Njinga Mbandi

Njinga Mbandi (1581–1663), Queen of Ndongo and Matamba, defined much of the history of seventeenth-century Angola. A deft diplomat, skilful negotiator and formidable tactician, Njinga resisted Portugal’s colonial designs tenaciously until her death in 1663.

Pedagogical Unit

Njinga, an inexhaustible source of inspiration


Since her outmanoeuvring of the Governor, João Correia de Sousa, during the 1622 peace-treaty negotiations in Luanda, Njinga Mbandi has been acknowledged as an enduring source of inspiration.

Her charisma and the complexity of her personality unfailingly fascinated the missionaries with whom she came into contact, but have also fascinated authors in Europe, Africa and Brazil and, more generally, artists in all countries. Moreover, Nzinga has inspired the religious rites of people of African descent throughout the world.

Illustration of Nzinga Mbandi by the French illustrator Achille Devéria, 1830.

Plural and symbolic identities

Njinga’s name is written in a variety of ways, partly on account of orthographic issues arising from the transcription of the Kimbundu language, but also because the Queen herself used different names to sign her letters. The last were given to her when she converted to Catholicism in Luanda in 1623.

Non-exhaustive list: Njinga Mbande, Njinga Mbandi, Nzinga, Jinga, Singa, Zhinga, Ginga, Njingha, Ana Njinga, Ngola Njinga, Njinga of Matamba, Zinga, Zingua, Mbande Ana Njinga, Ann Njinga and Dona Ana de Sousa.

In Portuguese, the verb "gingar" denotes a movement of the body. Used figuratively, the verb conveys the idea of flexibility in the face of obstacles, especially during negotiations, in reference to Queen Nzinga.

Nzinga in the arts in past centuries

In 1687, in a book dedicated to the double queen, the Italian priest Cavazzi described the famous 1622 meeting in Luanda between Nzinga and Correia de Sousa, the Portuguese Governor, at which a peace treaty was negotiated. When the Queen arrived in the reception room, the governor did not offer her a chair on which to sit. Stung by this action, she ordered one of her servants to crouch on all fours to make a seat for her, thus subtly suggesting that she had come to negotiate on an equal footing. This act inspired the priest Cavazzi to capture the scene in a now famous painting.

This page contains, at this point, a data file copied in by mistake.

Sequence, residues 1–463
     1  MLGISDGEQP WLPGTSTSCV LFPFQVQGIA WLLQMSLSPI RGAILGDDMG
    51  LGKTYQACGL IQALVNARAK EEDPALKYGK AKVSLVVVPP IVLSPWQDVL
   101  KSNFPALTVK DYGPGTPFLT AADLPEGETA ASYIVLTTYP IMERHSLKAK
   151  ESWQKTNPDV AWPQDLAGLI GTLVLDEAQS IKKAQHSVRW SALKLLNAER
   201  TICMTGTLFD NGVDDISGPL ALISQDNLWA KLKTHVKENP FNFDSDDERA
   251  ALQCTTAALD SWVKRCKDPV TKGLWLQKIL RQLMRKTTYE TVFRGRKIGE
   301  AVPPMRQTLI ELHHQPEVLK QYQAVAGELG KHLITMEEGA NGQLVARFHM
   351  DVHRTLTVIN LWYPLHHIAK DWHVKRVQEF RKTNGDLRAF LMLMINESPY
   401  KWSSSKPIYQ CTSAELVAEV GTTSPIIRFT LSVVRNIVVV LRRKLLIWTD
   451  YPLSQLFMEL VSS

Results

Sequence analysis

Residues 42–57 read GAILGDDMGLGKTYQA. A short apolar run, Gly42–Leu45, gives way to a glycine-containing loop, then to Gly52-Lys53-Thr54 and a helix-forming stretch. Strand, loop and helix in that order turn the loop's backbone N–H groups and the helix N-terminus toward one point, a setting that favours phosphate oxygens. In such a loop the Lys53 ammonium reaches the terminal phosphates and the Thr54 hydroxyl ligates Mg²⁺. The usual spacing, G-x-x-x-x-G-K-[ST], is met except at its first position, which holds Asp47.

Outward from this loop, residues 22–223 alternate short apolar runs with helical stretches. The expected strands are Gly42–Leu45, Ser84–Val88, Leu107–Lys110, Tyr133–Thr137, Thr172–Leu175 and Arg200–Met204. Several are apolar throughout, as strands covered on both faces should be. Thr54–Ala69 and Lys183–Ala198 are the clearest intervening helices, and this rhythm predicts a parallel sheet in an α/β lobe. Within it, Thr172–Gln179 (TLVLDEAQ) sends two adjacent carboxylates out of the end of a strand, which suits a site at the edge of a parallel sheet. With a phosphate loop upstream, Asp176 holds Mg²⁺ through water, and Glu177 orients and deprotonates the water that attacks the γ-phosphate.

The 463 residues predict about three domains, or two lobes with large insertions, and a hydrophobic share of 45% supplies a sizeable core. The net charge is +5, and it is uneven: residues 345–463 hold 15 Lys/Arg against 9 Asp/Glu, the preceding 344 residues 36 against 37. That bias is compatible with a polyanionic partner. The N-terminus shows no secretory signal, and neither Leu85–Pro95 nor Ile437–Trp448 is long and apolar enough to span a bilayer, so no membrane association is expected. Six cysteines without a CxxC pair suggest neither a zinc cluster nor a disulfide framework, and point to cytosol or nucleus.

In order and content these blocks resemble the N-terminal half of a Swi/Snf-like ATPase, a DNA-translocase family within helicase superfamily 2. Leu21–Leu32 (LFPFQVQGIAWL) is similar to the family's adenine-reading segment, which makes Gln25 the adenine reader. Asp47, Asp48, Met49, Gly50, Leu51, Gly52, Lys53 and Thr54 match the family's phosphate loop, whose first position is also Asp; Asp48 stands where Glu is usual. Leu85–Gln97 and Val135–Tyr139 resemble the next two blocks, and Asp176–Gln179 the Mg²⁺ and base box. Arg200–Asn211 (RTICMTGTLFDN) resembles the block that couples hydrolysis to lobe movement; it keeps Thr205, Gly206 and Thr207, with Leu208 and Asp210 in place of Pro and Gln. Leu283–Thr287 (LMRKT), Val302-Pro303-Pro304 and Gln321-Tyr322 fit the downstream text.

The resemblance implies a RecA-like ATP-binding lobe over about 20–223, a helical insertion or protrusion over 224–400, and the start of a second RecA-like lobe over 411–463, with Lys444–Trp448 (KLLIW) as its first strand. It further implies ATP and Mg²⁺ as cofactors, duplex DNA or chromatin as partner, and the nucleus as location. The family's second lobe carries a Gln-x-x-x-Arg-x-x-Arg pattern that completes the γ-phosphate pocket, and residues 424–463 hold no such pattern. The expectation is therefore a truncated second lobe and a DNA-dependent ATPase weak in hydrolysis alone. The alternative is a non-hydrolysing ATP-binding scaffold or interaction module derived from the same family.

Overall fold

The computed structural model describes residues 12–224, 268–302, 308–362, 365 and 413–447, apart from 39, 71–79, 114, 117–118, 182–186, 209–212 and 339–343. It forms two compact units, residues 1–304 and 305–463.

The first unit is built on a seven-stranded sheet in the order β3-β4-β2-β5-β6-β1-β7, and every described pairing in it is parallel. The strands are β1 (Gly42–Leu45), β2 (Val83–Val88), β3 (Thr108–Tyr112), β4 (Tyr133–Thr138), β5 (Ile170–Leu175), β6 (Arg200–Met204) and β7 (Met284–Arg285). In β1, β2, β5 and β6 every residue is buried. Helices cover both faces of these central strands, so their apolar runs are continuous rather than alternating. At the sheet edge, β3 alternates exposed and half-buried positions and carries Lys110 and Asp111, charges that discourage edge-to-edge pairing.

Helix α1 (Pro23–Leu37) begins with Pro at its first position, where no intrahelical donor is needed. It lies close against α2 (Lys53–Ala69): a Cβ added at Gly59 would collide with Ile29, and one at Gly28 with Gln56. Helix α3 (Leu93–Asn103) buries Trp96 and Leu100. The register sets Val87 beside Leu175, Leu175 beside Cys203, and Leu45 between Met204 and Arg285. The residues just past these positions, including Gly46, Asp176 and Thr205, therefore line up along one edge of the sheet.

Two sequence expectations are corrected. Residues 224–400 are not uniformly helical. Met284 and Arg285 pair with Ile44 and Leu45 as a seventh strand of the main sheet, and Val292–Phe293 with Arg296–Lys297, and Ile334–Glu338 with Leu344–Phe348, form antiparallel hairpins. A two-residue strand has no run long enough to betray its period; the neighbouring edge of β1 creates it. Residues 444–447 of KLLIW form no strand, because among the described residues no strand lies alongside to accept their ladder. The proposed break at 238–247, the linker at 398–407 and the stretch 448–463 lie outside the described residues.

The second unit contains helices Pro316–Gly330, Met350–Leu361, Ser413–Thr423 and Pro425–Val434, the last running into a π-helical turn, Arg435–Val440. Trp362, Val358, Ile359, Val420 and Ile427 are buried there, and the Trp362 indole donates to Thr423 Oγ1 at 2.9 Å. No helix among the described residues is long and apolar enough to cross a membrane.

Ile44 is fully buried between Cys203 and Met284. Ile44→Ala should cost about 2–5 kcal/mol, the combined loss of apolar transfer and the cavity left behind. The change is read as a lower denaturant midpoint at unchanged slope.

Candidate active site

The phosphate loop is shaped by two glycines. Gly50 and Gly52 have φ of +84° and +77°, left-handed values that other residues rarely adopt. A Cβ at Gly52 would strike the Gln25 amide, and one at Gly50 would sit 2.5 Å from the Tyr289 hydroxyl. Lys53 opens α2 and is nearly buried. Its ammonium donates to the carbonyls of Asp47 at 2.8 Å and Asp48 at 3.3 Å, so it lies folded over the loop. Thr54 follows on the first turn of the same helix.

In 1769, the French author Jean-Louis Castilhon published "Zingha, Reine d’Angola" [Nzinga, Queen of Angola], the first historical novel to be written on Africa from an anti-colonialist standpoint. The novel, depicting the queen as a rich, paradoxical and complex character, caused quite a stir.

In 1830, Achille Devéria, the French illustrator, fired by enthusiasm after reading portrayals of the Queen of Ndongo and Matamba, decided to draw her portrait. His imaginary depiction of Njinga was widely accepted in Europe as the official portrait of Queen Njinga.

The negotiation between Nzinga Mbandi and the vice-King of Portugal in the book "Nzinga, Reine d’Angola. La Relation d’Antonio Cavazzi de Montecuccolo", 1687.

Nzinga in the arts today

Njinga has inspired many authors and artists in recent times. The following are but a few examples:

• In 1960, Agostinho Neto wrote the poem "O Içar da Bandeira" [Raising the Banner] in tribute to the Angolan people’s heroes, with reference to Nzinga.

• In 1975, Manuel Pedro Pacavira published the novel "Njinga Mbandi".

• Njinga also inspired the eponymous film made in 2007 by Octávio Bezerra, the Brazilian film director.

Poster of the film 'Nzinga' directed by the Brazilian director Octavio Bezerra, 2007.

Représentations religieuses dans des communautés d’Afro-descendants

Njinga has inspired many religions of African origin. In Haiti, in a variant of voodoo, Njinga is symbolized as a Bantu-Ewe-Fon character.

In Brazil, she is portrayed in Candomblé (an Afro-Brazilian religion) as the character ‘Matamba’ – the Lady of Thunder, a warrior chieftain and a friend of the heroes. Women seeking the strength to solve their problems ritually invoke her.

The Congada procession in Brazil. Photograph by Luciano Osorio, 2011.

Njinga also features in the Brazilian tradition of Congada, a religious rite that blends African traditions and European culture, performed in homage to black saints. In this rite, the coronation of the King of Kongo and Queen Nzinga symbolize the advent of Christianity in Angola and Brazil.

The figure of Matamba in Candomblé.
Photograph by Ana Alves, 2012.